Cesaro signs were confiscated at Night Of Champions, according to multiple fan reports as noted by Wrestling Inc.
While the company has a history of confiscating signs that it disagrees with, this, if true, is particularly unusual since Cesaro is an active part of the WWE roster and he was in the Match of the Night at Sunday’s pay-per-view.
The last time that WWE reportedly took a fan’s sign away, it was over an incident that involved support for the WCW, the organization’s one-time rival that went out of business in 2001 after a run where it beat WWE for 87 weeks in a row in the ratings.
To be fair, the fan was also said to be drunk and belligerent and later proved himself to be of low intellect in a vulgar online rant.
Mismanagement and massive talent egos led to the company’s eventual undoing, and made it possible for Vince McMahon to buy up the entire brand, library and all. Placed in that context, it’s easier to see how a guy like McMahon could be more ticked about the WCW sign. With Cesaro, though, it’s a real head-scratcher.
The only explanation we’ve heard that makes any sense is this: Cesaro is being booked as the heel in his feud with Sheamus, and any visible fan support clearly detracts from those booking plans.
(Perhaps this is something Vince McMahon should have thought about before breaking kayfabe on the wrestling business several years ago?)
Fans already cheer against perennial face John Cena, and it can be quite confusing if you grew up watching in the days prior to the Attitude Era as to who are the good guys and the bad guys.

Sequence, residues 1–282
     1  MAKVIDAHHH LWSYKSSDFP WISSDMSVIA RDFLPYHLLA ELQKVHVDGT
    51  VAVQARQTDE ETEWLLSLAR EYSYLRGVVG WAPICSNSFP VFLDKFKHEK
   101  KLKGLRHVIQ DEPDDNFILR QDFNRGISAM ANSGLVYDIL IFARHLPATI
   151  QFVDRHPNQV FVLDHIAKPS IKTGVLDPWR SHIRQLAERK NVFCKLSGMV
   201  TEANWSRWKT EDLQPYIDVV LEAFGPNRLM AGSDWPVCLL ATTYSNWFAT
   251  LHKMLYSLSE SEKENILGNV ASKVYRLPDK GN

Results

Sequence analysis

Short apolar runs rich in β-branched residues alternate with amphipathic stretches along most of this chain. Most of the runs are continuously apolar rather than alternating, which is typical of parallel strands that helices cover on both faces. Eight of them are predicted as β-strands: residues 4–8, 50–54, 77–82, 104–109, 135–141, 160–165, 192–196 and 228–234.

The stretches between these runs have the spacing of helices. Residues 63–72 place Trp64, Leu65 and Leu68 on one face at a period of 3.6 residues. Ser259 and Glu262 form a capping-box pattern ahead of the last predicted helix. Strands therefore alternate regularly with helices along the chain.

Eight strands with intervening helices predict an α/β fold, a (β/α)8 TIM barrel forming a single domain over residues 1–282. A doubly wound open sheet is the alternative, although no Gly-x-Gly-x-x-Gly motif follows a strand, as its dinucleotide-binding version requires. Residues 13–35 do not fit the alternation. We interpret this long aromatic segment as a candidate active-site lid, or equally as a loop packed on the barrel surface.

Essentially, wrestling fans have screwed up the very “sport” they fell in love with by refusing stars their traditional roles, a fact that Jim Ross and Cowboy Bill Watts lament about at length in the most recent episode of The Ross Report podcast.
Ross and Watts, however, place most of the blame on where Vince McMahon has taken the business because “there are no rules to break anymore.”
“How can you have a heel when there are no rules?” Ross remarked.
Watts, a former wrestler and promoter in the Mid-South territory, added that in the days of kayfabe — when wrestling was promoted as real — there was an element of “mystery” to the business, where fans didn’t believe everything they saw was “on the up-and-up,” but they believed enough of what they saw to suspend their disbelief.
Nowadays, fans just pull for the guy they think is cool regardless of creative direction.
Perhaps by removing the Cesaro signs, WWE was trying to cram the genie back in the bottle. However, at this point, that’s probably impossible.
What do you think, readers? If WWE did remove the Cesaro signs, as many fans have indicated, what do you think their motivation was?